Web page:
Build a Community?

    We need a place for people to gather in order to build interest in our idea—our movement. With the utility of social media, we can easily recruit, message, and share ideas (posts) at times that are convenient for one another. A community can be fostered in something as simple as a Facebook Group. You could start today. Add the people you game with, the people that you know game locally, and the Game Masters that run events at local stores or gaming hangouts. Most game stores have their event schedules posted on a website or community board in their store. Take advantage of these to help you find where people are gaming and who is facilitating these games. Talk to your local game store owners about what you’re working on and who else they think you should talk to. Don’t assume that every game played will be publicly posted. Also, dig around for other local gaming groups on Facebook. Search the name of local game stores for  groups that share their name. Search for groups that prominently state your city, town, or region’s name with the keywords RPG, Tabletop, Geek, or D&D. You may be surprised to find how much is already going on right under your nose.


    How Will This Solve My Problems?

    A model that I’ve adopted in Northwest Indiana is that of Games on Demand. You may have heard of their work or participated in a game with them at Gencon, Origins, or Pax. Their model consists of several Game Masters, each offering up two or more different games per time slot. Players that attend the event(s), pick from the games offered in a first come, first served basis. They generally select from table tents that give a blurb of each game with a picture. As games are selected, the choices begin to narrow, and focus shifts to filling the games selected.

     To solve your problems, you need to foster an environment that builds demand for new games and that attracts players who want to be involved in those games. 
    To solve your problems, you need to foster an environment that builds demand for new games and that attracts players who want to be involved in those games. The Games on Demand model is attractive to players and Game Masters looking to play and run new games. It has an easy to understand structure that clearly defines what a Game Master needs to prepare for (two different games, two different one shot sessions, expect new players). Not to mention, with other Game Masters sharing games, you can learn more of them without having to read or research them one at a time.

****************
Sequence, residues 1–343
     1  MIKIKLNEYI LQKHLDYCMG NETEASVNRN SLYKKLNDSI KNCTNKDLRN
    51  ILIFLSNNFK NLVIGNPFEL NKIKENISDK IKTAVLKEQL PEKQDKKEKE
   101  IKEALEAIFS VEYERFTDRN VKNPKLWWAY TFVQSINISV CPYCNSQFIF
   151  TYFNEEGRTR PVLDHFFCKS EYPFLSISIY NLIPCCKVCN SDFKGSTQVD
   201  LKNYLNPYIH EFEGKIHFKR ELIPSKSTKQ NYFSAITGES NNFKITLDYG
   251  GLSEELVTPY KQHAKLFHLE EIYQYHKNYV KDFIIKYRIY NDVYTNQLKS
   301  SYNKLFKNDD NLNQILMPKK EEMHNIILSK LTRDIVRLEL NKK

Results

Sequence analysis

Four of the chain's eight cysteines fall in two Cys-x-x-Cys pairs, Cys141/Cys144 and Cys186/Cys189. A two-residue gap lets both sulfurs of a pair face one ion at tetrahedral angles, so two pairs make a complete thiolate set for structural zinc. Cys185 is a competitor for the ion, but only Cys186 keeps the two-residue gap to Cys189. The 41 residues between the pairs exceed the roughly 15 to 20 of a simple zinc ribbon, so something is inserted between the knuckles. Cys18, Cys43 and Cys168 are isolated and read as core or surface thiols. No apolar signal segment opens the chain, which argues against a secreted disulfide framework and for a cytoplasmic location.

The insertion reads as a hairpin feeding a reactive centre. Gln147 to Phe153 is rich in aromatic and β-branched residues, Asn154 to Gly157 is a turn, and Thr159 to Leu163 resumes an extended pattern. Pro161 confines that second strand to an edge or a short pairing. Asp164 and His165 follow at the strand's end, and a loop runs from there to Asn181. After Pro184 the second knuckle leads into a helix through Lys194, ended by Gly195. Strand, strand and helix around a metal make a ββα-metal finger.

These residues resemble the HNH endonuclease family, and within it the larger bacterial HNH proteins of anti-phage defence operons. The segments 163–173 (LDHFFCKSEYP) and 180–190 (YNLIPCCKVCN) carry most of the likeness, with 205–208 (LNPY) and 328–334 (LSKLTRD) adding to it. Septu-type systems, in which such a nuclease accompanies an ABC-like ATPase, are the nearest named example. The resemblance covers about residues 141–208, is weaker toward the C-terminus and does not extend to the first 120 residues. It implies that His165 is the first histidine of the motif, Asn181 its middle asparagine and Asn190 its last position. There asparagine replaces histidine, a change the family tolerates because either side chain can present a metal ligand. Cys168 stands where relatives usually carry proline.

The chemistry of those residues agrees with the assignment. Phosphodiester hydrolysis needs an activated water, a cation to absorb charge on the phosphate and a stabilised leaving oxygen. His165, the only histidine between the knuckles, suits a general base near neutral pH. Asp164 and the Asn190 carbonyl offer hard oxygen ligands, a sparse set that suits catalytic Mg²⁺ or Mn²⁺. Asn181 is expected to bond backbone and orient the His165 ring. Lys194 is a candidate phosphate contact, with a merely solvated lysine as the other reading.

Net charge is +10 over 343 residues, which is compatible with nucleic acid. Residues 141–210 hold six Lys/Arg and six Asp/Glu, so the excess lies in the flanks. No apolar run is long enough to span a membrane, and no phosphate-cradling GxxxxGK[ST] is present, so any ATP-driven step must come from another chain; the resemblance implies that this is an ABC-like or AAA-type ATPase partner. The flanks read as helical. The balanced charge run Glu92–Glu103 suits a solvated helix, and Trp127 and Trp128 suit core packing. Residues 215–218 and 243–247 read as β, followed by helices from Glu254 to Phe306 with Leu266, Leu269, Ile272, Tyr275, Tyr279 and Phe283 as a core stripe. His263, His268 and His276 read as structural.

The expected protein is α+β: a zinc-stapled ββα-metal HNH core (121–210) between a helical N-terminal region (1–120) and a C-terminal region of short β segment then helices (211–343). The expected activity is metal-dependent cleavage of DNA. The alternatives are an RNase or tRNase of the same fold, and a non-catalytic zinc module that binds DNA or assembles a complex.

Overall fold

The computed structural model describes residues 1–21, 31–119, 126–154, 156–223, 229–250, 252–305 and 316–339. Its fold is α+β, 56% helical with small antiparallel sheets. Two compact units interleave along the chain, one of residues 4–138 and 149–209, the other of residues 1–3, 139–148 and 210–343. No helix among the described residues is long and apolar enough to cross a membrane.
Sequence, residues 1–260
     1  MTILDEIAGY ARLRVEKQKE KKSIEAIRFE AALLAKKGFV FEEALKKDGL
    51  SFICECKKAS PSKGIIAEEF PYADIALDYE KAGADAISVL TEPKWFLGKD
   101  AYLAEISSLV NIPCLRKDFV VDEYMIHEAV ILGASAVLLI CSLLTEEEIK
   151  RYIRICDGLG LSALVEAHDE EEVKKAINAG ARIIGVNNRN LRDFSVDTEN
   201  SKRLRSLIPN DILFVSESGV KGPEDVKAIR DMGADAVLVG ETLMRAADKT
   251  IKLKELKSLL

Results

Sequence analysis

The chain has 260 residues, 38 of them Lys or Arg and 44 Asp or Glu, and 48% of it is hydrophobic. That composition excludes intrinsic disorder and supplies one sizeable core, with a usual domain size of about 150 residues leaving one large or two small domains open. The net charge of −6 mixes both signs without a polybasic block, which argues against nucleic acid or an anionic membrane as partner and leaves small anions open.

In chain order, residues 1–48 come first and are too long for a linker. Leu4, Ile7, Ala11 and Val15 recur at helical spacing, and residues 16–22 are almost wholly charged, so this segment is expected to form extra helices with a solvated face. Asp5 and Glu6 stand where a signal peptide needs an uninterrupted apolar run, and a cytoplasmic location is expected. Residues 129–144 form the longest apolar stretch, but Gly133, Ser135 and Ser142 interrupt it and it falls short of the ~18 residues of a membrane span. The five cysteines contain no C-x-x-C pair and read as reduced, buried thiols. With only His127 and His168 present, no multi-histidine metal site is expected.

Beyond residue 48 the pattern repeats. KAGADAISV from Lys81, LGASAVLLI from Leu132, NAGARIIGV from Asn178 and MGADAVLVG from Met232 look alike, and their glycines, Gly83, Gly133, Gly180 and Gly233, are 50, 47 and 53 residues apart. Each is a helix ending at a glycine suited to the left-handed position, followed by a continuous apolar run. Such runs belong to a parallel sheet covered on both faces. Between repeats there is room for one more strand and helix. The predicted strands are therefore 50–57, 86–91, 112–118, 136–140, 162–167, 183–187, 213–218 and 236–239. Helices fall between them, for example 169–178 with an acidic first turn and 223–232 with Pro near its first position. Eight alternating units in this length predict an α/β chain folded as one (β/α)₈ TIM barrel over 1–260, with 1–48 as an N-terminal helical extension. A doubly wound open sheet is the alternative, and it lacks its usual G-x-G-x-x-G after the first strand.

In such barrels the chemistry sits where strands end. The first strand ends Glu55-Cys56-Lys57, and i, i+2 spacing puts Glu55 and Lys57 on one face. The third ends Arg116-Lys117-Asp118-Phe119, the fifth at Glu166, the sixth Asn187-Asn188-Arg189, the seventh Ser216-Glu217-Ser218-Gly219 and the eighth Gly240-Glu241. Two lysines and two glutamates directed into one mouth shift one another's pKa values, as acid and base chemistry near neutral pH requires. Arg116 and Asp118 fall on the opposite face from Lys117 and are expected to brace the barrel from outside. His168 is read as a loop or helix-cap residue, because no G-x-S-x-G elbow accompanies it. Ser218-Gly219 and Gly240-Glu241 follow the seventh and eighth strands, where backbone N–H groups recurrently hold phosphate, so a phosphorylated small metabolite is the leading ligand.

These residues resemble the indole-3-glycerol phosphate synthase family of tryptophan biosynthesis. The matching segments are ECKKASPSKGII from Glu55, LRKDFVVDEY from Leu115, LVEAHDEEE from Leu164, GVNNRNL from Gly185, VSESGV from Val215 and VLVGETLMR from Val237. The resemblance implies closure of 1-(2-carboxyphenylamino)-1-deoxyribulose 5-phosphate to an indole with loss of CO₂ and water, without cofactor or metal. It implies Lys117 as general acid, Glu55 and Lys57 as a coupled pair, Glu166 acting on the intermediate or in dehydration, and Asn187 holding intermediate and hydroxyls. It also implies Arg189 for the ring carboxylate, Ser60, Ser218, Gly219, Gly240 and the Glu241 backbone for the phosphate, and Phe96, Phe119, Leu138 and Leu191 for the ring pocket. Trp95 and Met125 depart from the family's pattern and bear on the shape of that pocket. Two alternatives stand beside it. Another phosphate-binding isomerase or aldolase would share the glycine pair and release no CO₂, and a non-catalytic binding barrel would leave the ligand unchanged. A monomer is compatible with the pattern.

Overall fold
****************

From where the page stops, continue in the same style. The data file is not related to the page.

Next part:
What Do I Need for This to Work?

    • Game Masters: With the help of another Game Master or two, you could offer up to six different games for a game night. Each Game Master already has games they know how to run and games on their shelf they are just dying to put to good use. Creating a community with game nights and a Games on Demand model provides the opportunity you’ve all been waiting for. Give yourself and other Game Masters the opportunity to share all of the cool games you’ve been collecting.
    • Public Places to Play: Potential players need to feel safe before they will join you for a game. Playing with strangers can be very intimidating, especially if it is at a private home where you don’t know anyone. Reach out to your local game stores or anywhere else people are gaming in your area (coffee shops, tabletop friendly bars, churches, the local library) and schedule a time for 2-3 free tables. You may be asked to institute a rule that everyone buy their drinks and snacks from the establishment. That’s only fair, besides, you want the opportunity for there to be foot traffic. Shopping customers and regulars can be recruited to play and invited to future events. They may even have friends…
    • Game Day Events or Meetups: What good is the community if we have nothing to rally around? Create events to attract people in your local area. Ask your friends to share the events with their friends and families. Spread the word on Facebook in your local groups with similar interests. If you have the skills to make a flyer, put some up in your local school and game store bulletin boards. It takes time for people to understand what you’re doing and also to carve out time to attend. Don’t be discouraged! Some people will need time to find themselves in a situation where they are also looking for new people to game with or new games to play. I have had more than one Game Master tell me, “I’ll be there when I’m no longer running two games a week.” That’s fair!

    Tales of the 219

    My local contingent is called the Tales of the 219. Yep, that’s our area code! Northwest Indiana Story Gamers just didn’t win over the hearts and minds of our founding members.

    On January 31st, we mark our one year anniversary of running events at local game stores on a monthly (and more) schedule. Setting out, I found other Game Masters interested in diversifying the games that they play and struggling to find players for their games not named D&D or Pathfinder. Sharing my vision for a more vibrant, inclusive, and variety rich gaming community, I reached out to local game stores. To their surprise, we didn’t want money or to sell attendees something physical. We just wanted to grow the community of role-players in Northwest Indiana, to bridge RPG enthusiasts beyond their favorite game store, gaming group, or routine game of choice.

    I remember speaking to Matt and Jared, two of my friends and early adopters of our vision.

    “This (Tales of the 219) is probably going to be like four of us running games for each other for a year or two. But, one day, there will be others, and they’ll talk fondly about how they found the Tales of the 219. We’ll be like forefathers that paved the way to make a more vibrant and diverse role-playing game community possible. This will work. We just need to be persistent and deal with the inevitable trying times that will come with the occasional successes.”

    I’m happy to inform you that it never did end up being just the four of us playing each others’ games. We’ve hosted events at six different game stores and one local convention for a total of fifteen events in 2018. Attendance varies from 5-15 individuals with an average of 8-9 folks attending per gathering. At our local convention Arcticon, we held eight games seating over 40 players! It’s a good feeling to not only play more games but to help others experience brilliant games they never knew existed.